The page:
Tourists’ mistake costing Aussies $30m
More Australians are taking out travel insurance on behalf of visiting loved ones, insurers have revealed, as overseas tourists are warned they may no longer be able to enter the country if they aren't insured.
There has been a recent push to make it mandatory for visitors to Australia, including tourists, to take out health insurance before they arrive.
In NSW alone, about $100 million is spent each year treating sick or injured tourists who are hospitalised - and of that, about $30 million is covered by the Australian taxpayer.
But there is a way for Australians to make sure their visiting relatives are covered if they need medical treatment during their stay: they can actually take out travel insurance for them.
A number of major Australian insurance providers now offer Visitors Coverage, or Inbound Travel Insurance, which covers overseas visitors during their time here.
1Cover, Travel Insurance Saver and Cover-More are among the insurers offering it, although each have their own rules around it.
Since NSW Health Minister Brad Hazzard proposed the new mandatory insurance rule in September, insurers have seen a spike in inquiries about visitors coverage.
Comparetravelinsurance.com.au has seen a "huge increase" in phone calls about visitors cover, especially for travellers from New Zealand, China, India, Lebanon and the UK, the company's director Natalie Ball said.
"While it is typical to purchase travel insurance from your home country before you depart, more and more travellers to Australia are taking out policies with Australian brands for their perceived reliability," Ms Ball said.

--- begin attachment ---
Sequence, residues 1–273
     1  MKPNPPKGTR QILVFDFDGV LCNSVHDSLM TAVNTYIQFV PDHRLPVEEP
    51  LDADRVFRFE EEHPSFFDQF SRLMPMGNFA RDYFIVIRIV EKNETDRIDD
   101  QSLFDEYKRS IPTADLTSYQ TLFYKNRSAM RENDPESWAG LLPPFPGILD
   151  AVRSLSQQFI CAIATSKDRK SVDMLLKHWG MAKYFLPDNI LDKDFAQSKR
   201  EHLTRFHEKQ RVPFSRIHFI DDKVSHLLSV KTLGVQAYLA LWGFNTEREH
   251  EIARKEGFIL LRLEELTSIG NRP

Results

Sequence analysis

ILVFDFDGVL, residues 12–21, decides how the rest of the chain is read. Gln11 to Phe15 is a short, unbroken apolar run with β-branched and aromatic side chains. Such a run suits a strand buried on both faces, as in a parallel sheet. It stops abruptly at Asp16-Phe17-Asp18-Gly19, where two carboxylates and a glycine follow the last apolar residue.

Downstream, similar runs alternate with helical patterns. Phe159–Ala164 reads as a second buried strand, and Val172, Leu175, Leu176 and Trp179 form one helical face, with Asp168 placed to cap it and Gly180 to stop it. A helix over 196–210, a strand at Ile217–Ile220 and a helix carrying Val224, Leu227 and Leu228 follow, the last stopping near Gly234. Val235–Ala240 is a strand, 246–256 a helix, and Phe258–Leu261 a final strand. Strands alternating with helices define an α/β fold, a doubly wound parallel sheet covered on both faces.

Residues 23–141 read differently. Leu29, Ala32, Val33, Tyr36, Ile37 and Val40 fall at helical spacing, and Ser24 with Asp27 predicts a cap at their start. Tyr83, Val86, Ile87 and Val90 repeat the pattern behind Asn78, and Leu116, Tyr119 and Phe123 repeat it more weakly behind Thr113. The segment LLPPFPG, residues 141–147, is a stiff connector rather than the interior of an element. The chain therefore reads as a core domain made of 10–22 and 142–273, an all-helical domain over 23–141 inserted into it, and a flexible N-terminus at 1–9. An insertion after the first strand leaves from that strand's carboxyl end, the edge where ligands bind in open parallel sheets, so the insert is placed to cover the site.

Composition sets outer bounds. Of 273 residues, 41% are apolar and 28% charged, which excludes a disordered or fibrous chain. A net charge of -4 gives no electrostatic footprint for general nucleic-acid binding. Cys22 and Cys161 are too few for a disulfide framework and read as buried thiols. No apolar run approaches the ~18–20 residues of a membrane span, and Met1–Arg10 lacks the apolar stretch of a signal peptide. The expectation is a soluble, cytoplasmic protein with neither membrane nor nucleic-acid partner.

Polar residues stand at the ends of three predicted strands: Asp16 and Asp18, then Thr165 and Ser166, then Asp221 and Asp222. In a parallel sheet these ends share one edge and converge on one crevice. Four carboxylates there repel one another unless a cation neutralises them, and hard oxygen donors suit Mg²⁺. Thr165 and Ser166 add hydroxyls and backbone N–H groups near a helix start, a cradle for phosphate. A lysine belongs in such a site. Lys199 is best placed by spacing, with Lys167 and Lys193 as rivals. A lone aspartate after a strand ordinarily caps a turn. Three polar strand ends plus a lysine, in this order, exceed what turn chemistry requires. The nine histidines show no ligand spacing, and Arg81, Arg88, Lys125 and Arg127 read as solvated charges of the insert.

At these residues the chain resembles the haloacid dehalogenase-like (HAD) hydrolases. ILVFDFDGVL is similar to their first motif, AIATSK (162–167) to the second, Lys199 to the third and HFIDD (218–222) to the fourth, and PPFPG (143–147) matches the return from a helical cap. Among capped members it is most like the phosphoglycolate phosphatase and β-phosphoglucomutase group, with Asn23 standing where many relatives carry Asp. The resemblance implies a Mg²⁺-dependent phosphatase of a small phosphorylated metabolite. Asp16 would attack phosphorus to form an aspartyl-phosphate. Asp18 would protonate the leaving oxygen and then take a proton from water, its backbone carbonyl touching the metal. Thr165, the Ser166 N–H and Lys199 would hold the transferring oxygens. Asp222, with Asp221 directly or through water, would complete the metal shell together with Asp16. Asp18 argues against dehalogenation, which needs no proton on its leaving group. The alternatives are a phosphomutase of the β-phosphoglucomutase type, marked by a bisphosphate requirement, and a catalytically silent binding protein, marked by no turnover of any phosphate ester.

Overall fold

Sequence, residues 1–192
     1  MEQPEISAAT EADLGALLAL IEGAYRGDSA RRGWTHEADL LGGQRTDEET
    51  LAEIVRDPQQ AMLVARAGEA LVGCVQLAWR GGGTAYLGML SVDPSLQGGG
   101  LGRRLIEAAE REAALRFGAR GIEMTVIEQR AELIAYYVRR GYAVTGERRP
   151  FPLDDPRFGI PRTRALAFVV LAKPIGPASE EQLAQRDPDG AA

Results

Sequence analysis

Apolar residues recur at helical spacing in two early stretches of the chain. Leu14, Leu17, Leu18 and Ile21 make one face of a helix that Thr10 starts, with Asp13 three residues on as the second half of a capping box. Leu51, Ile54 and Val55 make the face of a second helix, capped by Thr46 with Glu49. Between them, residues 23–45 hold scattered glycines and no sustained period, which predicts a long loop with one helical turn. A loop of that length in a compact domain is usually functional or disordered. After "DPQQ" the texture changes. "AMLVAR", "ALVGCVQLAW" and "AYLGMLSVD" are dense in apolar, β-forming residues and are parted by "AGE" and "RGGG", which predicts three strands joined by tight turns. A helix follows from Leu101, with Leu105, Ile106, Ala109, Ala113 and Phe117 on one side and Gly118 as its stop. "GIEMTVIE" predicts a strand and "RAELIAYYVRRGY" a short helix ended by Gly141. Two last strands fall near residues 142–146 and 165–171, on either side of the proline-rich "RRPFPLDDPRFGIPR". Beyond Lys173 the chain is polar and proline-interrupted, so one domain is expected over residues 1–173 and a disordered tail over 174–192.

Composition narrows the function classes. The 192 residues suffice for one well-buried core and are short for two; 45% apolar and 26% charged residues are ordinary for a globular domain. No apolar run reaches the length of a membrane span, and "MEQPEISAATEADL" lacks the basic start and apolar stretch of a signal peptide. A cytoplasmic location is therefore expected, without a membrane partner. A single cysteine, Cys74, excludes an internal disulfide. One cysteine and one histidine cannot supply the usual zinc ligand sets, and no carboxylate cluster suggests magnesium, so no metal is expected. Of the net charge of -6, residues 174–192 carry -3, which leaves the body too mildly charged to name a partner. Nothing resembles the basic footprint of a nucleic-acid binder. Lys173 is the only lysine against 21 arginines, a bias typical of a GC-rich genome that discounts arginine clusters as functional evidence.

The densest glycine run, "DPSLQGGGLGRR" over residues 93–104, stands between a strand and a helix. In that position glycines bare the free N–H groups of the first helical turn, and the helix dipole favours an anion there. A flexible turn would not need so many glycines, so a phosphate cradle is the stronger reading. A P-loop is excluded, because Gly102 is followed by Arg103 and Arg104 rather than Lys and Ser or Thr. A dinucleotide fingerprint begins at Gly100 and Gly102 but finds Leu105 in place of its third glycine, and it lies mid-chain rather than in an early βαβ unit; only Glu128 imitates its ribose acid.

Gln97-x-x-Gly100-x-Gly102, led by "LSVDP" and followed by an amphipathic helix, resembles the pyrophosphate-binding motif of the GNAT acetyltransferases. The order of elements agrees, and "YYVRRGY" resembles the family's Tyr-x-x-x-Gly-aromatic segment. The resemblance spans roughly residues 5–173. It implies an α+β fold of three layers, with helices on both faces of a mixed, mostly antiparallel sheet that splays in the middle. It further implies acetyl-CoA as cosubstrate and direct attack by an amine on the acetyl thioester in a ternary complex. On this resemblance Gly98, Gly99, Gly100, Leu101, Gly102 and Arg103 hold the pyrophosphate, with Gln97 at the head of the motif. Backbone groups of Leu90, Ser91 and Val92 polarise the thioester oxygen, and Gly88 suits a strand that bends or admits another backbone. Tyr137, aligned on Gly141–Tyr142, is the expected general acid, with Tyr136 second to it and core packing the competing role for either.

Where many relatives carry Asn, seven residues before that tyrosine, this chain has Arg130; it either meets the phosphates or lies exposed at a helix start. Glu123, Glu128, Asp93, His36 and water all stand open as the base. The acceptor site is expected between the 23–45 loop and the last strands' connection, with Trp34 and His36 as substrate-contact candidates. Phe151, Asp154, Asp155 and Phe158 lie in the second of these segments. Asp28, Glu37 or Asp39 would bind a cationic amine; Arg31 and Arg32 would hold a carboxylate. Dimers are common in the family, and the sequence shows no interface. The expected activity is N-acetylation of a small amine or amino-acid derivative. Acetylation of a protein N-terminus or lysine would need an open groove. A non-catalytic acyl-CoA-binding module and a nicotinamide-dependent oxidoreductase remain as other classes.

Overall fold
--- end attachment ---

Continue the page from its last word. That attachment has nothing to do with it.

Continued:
"Seniors have a heightened risk of receiving eye-watering medical bills. For many children of older travellers, there is a peace of mind in purchasing a well-known Australian brand over international brands that they are unfamiliar with."
Some visitors opt not to take out travel insurance due to Australia's reciprocal healthcare agreements with the UK, New Zealand, Malta, Finland, Sweden, Italy, the Netherlands, Ireland, Belgium, Norway and Slovenia, which mean residents from those countries are eligible for Medicare. The same arrangement works for Australians in those countries.
But Ms Ball said Medicare didn't cover as much as comprehensive travel insurance did.
"These agreements often have limited coverage for pharmaceuticals, ambulance fees, physiotherapy or emergency dental care, which even the most basic travel insurance policies tend to cover," she said.
"Additionally, a comprehensive policy offers additional benefits, like luggage coverage, and cancellation fees and lost deposits in the event of illness or bad weather."
While the suggestion of mandatory travel insurance under discussion, Ms Ball said she encouraged visitors not to wait until it became law.
"Travellers without coverage can risk hundreds of thousands in medical fees - it just doesn't make sense to expose yourself and your family to unnecessary financial and emotional burdens," she said.
"As always, if you can't afford travel insurance, you can't afford to travel."
But Ms Ball said anyone considering taking out insurance for a visiting relative needed to be upfront about their medical history.
"If you or your relative buy travel insurance, you have a duty to disclose any pre-existing conditions," she said.
"If you don't, the insurer may cancel the policy, reduce the amount they'll pay you, or even reject your claim completely."
"Each brand has different rules on what is considered a pre-existing condition, so be sure to read the product disclosure statement, and give the insurer a call if you aren't sure."